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Iran’s economic ties with Africa: Responding to Western media analysis

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Responding to an Economist article on a perceived battle between Israel and Iran for friends on the African continent, S.H. Razavipour stresses that suspicion around Iran's motives merely highlights Western hypocrisy.

In the past decade, Africa has become a cauldron of competing interests between new and old actors. Whereas in the 19th century it was just a handful of countries that benefited and profited from Africa’s riches – namely from its extractive resources, cheap labour and not to mention slavery – now it seems that the tide has shifted with ‘new kids on the block’.

With increased competition by the emerging powers from the global South, it would appear that Western actors can no longer claim a monopoly over Africa’s resources. However, this does not mean that the emerging powers have totally eclipsed Western influence in Africa. Africa’s global trade patterns are still intricately tied to former colonial empires while for most African countries the North still remains the leading trade partner. This is because most African economies built up their post-independence economies by locking themselves into Northern markets and relying on investment from these economies.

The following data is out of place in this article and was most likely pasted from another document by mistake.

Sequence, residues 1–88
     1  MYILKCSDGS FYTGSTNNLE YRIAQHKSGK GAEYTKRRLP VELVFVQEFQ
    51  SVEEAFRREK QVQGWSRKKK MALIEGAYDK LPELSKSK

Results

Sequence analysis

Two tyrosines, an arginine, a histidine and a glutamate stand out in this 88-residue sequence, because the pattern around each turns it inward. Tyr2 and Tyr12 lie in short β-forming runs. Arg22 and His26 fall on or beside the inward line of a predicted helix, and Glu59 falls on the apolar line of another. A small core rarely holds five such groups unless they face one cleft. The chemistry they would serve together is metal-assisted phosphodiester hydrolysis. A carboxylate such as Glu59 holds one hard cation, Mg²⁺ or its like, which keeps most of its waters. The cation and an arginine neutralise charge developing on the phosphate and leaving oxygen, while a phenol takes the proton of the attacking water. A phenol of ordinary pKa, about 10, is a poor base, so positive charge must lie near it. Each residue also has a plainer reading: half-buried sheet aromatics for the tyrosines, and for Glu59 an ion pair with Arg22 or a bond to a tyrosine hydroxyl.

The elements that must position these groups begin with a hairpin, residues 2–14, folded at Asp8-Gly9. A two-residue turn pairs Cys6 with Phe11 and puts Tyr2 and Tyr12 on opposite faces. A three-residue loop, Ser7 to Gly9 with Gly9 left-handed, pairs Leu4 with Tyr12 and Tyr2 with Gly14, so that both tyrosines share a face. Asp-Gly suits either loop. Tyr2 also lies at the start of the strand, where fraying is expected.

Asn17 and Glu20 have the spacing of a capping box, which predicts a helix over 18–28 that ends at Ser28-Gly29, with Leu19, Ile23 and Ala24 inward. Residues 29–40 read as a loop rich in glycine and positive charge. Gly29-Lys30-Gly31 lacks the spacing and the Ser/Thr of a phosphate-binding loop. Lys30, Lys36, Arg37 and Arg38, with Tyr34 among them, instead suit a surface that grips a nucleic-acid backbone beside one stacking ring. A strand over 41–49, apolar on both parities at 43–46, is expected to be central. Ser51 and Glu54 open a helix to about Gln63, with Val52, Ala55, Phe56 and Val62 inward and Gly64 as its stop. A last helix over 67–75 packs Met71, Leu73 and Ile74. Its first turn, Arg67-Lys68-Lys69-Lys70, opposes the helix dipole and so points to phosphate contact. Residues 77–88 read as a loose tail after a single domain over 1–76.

While this new competition – from countries like Brazil and Venezuela from South America, India and China from Asia, Australia, Turkey and even Israel and Iran from the Middle East – unleashes new impulses around Africa’s geo-strategic importance in the global system and a definite challenge to the exclusive benefits that the Western countries had enjoyed from Africa until recently, it does appear that the same thing will happen with the new comers too.

Some of these new actors will find better ways to cooperate with the older ones to behave like a cartel to increase their benefits. They will tow the line with the big brothers so that they are also given a seat at the table to claim their slice of the cake.

Others like China because of their political conflicts and competitions with America and other capitalist countries will prefer to find their own business interests in Africa and follow a ‘go it alone’ strategy, although this is not to suggest that Beijing as well is not part of the global capitalist cartel.

The issue at hand is whether the new comers to the global capitalist cartel will be treated with equal rights and access, or whether they will be used as a means to an end because of their financial muscle to bail out the old Northern capitalist cartel that has suffered as a result of the financial crisis. Better yet, are these new actors willing to transform the structures of international capital accumulation by joining the capitalist roundtable, or is it more of the same?